In late 2005, thousands of South Korean tourists traveled to North Korea to watch games and performances marking the 60th anniversary of North Korea’s ruling Workers’ Party.
The celebrations “were blatantly designed to tug at the heartstrings of South Koreans.”
One South Korean woman, Hwang Seon, went into labor while watching “child gymnasts tumbling in unison across the field of Kim Il Sung Stadium in a performance heralding the miracle of the North Korean economy.”
She was rushed to Pyongyang’s maternity hospital, where she delivered a baby girl on October 10. The baby was the first ever to be born in North Korea as a South Korean citizen.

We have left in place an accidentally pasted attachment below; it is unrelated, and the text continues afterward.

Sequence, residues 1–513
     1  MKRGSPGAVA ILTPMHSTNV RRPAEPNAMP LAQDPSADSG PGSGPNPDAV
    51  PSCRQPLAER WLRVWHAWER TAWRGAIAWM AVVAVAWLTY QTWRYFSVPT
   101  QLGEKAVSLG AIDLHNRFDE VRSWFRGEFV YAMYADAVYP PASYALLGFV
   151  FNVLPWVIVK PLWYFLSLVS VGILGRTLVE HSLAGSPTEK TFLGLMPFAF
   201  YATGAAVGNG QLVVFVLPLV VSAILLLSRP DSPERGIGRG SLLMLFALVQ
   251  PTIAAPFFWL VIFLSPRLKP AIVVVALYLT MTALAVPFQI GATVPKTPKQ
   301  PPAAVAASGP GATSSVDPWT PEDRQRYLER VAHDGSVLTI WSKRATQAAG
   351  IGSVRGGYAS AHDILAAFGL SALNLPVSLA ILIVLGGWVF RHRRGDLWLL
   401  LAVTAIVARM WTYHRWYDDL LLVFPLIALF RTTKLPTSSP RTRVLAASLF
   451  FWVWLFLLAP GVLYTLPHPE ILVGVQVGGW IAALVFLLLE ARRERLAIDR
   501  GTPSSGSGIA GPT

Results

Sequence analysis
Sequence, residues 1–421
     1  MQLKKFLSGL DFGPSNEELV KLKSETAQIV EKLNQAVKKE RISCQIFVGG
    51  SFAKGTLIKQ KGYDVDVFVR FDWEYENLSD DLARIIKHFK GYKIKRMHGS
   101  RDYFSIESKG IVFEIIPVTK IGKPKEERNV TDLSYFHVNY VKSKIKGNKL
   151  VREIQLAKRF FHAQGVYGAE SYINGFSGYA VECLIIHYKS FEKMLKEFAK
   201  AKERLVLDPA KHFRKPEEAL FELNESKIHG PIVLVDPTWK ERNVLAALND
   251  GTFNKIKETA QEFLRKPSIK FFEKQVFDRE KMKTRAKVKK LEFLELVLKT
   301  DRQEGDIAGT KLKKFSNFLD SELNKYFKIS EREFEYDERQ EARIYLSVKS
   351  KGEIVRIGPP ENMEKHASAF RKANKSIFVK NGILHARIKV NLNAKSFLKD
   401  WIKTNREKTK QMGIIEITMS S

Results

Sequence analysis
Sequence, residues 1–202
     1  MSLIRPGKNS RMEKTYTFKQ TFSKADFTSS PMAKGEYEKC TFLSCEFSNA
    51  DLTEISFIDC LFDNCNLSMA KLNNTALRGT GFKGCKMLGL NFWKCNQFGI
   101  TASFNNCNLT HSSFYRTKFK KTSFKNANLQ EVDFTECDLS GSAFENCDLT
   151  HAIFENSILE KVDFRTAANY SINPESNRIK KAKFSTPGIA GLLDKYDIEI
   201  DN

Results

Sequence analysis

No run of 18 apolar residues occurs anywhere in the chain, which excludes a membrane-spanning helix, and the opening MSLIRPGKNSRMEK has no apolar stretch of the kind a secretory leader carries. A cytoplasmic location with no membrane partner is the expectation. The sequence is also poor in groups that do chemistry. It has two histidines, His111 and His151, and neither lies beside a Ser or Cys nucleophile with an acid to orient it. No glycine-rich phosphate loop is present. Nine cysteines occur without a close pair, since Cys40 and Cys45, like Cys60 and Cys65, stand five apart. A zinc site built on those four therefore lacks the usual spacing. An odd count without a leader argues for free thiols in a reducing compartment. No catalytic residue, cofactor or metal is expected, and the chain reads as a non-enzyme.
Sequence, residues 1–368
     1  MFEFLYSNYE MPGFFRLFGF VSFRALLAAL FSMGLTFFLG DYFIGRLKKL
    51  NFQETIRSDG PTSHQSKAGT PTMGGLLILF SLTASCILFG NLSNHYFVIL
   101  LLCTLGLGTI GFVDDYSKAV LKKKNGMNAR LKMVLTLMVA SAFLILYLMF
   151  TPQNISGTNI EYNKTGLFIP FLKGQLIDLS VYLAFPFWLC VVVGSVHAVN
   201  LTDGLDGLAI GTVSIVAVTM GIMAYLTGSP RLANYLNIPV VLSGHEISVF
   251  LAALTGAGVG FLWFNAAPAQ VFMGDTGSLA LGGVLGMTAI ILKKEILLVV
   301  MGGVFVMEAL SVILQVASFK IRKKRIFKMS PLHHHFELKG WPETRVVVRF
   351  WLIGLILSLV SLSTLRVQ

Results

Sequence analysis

Her birth was “hailed as a mystical sign that the half-century long division of the Korean peninsula is coming to an end.”
North Korea suggested the baby name Tongil, meaning “reunification.” But the parents thought that sounded like a boy name. Instead, they selected Kyoreh, meaning “one people.”
Source: Demick, Barbara. “‘Unification Baby’ Seen as Omen by N. Koreans.” Los Angeles Times 20 Nov. 2005.